1. Download b2g and extract the package:
2. Download and install Gaia:
Open terminal from the dash home:
git clone git://github.com/mozilla-b2g/gaia
make -C gaia profile
3. Now run Firefox Mobile B2G:
In terminal run:
PATH/TO/B2G-foder/b2g -profile gaia/profile
I downloaded b2g and extracted it under ~/home/jeremy/b2g/, so I ran:
/home/jeremy/b2g/b2g -profile gaia/profile
My son was at a trampoline park a few months ago and I took this picture because it made me think of a concept I learned in a gamification class from Mario Herger last year. As humans we love challenging ourselves with obstacles. Often times we find obstacles so engaging we will intentionally give ourselves challenges in order to see how far we can push ourselves, as well as how we compare to others when presented with obstacles. Sometimes we enjoy obstacles so much we will find overcoming such obstacles is the most rewarding part of what we are looking to accomplish. The designers of golf courses create sand traps in locations of the course that create obstacles to make a difficult game even more difficult. When the kids in the photo were given a foam pit to jump into they found merely jumping into the pit wasn’t fun, or challenging enough so they built a foam wall to try and jump over. In life do you have a foam wall to challenge you? If you do have a wall is it challenging enough to push yourself to heights you didn’t know you were capable?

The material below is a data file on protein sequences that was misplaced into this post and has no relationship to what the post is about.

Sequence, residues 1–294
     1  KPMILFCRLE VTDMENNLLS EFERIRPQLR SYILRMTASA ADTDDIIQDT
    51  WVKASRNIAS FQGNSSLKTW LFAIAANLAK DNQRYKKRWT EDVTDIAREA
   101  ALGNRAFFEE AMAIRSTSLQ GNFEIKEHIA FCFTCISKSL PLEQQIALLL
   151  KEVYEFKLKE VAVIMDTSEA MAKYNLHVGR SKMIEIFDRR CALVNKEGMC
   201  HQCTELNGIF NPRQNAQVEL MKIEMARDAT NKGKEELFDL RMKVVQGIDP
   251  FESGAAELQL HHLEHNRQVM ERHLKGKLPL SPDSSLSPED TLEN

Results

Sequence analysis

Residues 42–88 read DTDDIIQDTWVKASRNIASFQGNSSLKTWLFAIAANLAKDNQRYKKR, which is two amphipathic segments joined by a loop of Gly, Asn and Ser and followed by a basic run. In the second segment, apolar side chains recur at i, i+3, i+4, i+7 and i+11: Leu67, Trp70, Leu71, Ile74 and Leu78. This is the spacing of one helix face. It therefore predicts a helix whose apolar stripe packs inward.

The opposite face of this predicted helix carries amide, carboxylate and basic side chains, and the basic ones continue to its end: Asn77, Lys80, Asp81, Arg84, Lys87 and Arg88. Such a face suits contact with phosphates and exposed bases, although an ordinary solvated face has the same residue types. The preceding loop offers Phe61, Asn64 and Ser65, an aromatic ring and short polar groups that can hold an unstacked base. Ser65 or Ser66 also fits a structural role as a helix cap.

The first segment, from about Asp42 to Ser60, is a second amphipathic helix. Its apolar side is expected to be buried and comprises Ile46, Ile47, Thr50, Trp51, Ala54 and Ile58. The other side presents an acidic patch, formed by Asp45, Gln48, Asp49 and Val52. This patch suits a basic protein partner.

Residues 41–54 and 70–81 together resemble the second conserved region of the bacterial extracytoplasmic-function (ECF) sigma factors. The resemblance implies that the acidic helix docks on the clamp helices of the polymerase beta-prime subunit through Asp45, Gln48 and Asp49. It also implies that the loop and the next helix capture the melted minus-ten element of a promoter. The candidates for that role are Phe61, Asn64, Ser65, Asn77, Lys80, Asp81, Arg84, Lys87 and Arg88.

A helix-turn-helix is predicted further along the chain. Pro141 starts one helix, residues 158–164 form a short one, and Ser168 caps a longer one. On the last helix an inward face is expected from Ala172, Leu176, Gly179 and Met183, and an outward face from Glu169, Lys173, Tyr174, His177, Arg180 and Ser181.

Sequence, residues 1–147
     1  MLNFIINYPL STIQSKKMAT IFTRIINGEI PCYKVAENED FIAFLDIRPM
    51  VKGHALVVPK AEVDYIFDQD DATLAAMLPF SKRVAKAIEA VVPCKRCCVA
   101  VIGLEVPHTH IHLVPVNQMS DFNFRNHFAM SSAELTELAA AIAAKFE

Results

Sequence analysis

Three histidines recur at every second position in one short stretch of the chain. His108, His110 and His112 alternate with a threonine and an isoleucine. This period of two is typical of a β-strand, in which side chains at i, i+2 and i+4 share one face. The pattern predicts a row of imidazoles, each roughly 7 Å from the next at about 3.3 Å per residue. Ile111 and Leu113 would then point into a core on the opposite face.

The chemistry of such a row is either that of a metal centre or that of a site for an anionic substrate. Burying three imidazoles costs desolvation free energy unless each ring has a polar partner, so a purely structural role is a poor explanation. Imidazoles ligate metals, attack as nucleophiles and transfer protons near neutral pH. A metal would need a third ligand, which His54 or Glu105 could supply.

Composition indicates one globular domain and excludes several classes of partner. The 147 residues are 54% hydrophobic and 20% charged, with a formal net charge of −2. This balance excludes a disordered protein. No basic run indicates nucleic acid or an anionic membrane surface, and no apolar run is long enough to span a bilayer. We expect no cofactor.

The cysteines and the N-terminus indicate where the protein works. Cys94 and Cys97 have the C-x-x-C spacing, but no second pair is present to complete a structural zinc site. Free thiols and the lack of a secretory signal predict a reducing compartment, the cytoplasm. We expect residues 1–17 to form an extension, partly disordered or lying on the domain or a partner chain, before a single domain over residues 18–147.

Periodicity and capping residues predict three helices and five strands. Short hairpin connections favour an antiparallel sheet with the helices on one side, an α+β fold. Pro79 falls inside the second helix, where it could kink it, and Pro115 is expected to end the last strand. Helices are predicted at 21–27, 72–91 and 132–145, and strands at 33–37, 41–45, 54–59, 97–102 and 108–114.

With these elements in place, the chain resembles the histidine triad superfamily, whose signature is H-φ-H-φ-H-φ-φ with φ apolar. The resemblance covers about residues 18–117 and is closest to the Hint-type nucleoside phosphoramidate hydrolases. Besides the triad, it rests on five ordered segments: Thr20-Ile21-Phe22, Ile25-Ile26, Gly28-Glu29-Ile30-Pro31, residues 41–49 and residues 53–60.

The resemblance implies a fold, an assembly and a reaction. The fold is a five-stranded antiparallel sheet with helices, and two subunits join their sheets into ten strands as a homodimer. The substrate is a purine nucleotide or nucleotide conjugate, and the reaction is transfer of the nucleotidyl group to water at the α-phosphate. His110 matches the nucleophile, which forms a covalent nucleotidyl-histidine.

One parent’s plea to the other parents at the playground: please don’t help my kids.
“They’re not here to be at the top of the ladder; they are here to learn to climb. If they can’t do it on their own, they will survive the disappointment. What’s more, they will have a goal and the incentive to work to achieve it.
In the meantime, they can use the stairs. I want them to tire of their own limitations and decide to push past them and put in the effort to make that happen without any help from me.
It is not my job — and it is certainly not yours — to prevent my children from feeling frustration, fear, or discomfort. If I do, I have robbed them of the opportunity to learn that those things are not the end of the world, and can be overcome or used to their advantage.
If they get stuck, it is not my job to save them immediately. If I do, I have robbed them of the opportunity to learn to calm themselves, assess their situation, and try to problem solve their own way out of it.
It is not my job to keep them from falling. If I do, I have robbed them of the opportunity to learn that falling is possible but worth the risk, and that they can, in fact, get up again.”